The COVID-19 pandemic has had a huge impact on healthcare systems around the world, in large part due to the need for capacity to treat COVID cases, which has also had significant effects on non-COVID activity. We previously looked at how the pandemic has affected society, healthcare systems and the life sciences industry. We know that the effects have manifested in different ways across different areas, which is why we are now taking a closer look at how COVID-19 has impacted different patient segments at different stages of the pathway. Specifically, we have mapped out the changes experienced by various patient segments including the mostly healthy and the most at-risk groups (patients with priority acute conditions, cancer, mental health and multiple long-term conditions), against different stages of the pathway (prevalence, access/diagnosis, treatment and post-treatment/recovery).

All segments have experienced a reduction in activity, including in emergency admissions, GP contact, screening, elective procedures and access to long-term care and rehabilitation services.

Looking at different patient segments, we find that as expected, older people and patients with long-term conditions have been particularly impacted. Nowhere is this made more evident than in the excess risk of mortality of diabetes and obesity in particular which each independently carry mortality risk of 2.4x relative to those without these conditions. In addition to the higher risk of mortality from COVID itself, with decreased access to primary care, urgent and elective care, they run the risk of exacerbating their existing conditions. The dominant approach to managing the risk present was shielding as vulnerable patients as opposed to managing disease conditions. This is also accompanied by the psychological effects stemming from isolation and the lack of family and healthcare worker visits. Looking ahead it is becoming clear we need to do more to address underlying conditions especially diabetes and obesity and also plan to prioritise these groups for any vaccine once available.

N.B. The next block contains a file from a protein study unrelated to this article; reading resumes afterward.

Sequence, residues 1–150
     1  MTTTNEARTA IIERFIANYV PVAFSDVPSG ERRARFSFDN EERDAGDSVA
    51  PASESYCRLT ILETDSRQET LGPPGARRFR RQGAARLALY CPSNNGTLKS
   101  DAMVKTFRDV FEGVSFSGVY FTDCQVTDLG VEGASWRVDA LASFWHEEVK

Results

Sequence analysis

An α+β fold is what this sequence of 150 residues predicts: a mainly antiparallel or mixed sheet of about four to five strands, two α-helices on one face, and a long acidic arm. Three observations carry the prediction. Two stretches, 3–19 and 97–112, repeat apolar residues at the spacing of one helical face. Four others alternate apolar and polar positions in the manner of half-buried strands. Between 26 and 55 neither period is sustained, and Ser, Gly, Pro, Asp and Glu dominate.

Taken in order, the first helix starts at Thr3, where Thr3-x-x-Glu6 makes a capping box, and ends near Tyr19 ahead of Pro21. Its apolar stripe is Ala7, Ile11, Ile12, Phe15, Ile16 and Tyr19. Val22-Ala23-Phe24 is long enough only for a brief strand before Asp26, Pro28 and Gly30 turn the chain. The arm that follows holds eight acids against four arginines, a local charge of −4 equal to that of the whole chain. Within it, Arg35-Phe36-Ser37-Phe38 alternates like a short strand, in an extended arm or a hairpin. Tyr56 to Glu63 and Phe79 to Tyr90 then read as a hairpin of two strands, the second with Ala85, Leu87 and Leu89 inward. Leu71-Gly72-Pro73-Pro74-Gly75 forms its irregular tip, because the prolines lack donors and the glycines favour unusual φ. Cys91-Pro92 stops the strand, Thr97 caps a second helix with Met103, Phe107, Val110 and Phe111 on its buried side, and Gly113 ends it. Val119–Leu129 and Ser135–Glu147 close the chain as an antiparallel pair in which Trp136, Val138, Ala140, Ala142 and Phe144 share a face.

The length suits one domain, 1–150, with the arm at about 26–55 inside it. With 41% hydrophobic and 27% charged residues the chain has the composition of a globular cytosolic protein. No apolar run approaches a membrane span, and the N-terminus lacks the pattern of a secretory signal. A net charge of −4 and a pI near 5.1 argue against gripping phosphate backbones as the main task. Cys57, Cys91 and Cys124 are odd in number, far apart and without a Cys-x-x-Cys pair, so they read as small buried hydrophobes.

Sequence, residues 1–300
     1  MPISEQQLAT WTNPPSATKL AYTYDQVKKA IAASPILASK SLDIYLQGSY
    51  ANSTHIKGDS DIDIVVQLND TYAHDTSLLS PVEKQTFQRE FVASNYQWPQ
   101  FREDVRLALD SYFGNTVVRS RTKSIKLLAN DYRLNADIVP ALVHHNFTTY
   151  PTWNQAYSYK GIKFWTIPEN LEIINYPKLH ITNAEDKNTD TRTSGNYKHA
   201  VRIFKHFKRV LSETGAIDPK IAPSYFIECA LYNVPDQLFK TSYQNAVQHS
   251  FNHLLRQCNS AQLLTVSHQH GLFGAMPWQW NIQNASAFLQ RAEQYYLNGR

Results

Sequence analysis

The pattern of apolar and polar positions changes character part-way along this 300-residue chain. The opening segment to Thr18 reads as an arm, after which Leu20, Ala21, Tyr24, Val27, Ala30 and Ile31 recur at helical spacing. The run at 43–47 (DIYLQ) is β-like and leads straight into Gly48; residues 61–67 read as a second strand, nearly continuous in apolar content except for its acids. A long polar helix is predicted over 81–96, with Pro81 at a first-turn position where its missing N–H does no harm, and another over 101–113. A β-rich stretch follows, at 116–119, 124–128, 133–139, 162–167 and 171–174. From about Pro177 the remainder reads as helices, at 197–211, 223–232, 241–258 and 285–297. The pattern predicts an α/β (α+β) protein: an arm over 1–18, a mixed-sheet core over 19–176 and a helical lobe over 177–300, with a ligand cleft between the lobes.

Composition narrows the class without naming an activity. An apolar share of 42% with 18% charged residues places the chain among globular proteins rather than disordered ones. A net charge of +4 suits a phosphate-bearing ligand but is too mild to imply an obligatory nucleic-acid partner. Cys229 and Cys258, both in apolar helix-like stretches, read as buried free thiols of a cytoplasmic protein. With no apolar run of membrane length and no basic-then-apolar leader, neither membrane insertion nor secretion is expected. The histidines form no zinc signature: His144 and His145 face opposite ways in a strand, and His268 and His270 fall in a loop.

Cancer is also hard hit and could rival COVID deaths. It has experienced major disruptions across the pathway, including the suspension of screening, a significant drop in referrals and diagnosis, reduced chemotherapy and radiotherapy and the cancellation of surgeries. A likely outcome is a shift in stage of diagnosis which means that many patients will be detected late and therefore experience worse outcomes. The number of excess deaths to result from this is estimated to be between 7000 and 36000. It will be urgent to restart the cancer pathways, including getting patients to present their conditions, GPs to refer and then crucially to have sufficient diagnostic capacity in form of kit and staff to support rapid diagnosis. It will also be necessary to consider how to fund cancer services if they need to operate at 50% of normal capacity due to infection prevention control.

Due to the lockdown, isolation, uncertainty and economic repercussions brought on by the pandemic, mental health is emerging as an area of concern, with reported increases in domestic abuse and alcohol consumption. There has been more mixed views anecdotally on anxiety, depression and psychosis. There is a particular concern about the impact on the mental health of front line workers who might be expected to experience consequences of the stress of combatting the virus. This is obviously particularly critical to maintain the resilience of the NHS to any further wave of COVID.

Finally, cardiovascular disease and stroke are also high priority acute conditions that have experienced a substantial slowdown in activity amid the outbreak. Less patients have been presenting in A&E and to outpatient appointments. The likely result is a worsening of their existing conditions leading to worse outcomes and mortality.

In thinking about how to recover from these disruptions to the healthcare system, it is important to consider not only how to clear the backlog of cases most effectively and rapidly, but also how to prevent these disruptions from occurring again in the event of further COVID-19 peaks. This suggests the need to:

  • Target recovery efforts in each local area on the most critical patient segments
  • Shift our focus from shielding to disease management in COVID secure environments
  • Maximise the use of virtual and digital to triage and accelerate cases that need to move forward
  • Provide the finances to fund operation at lower levels of utilisation than normal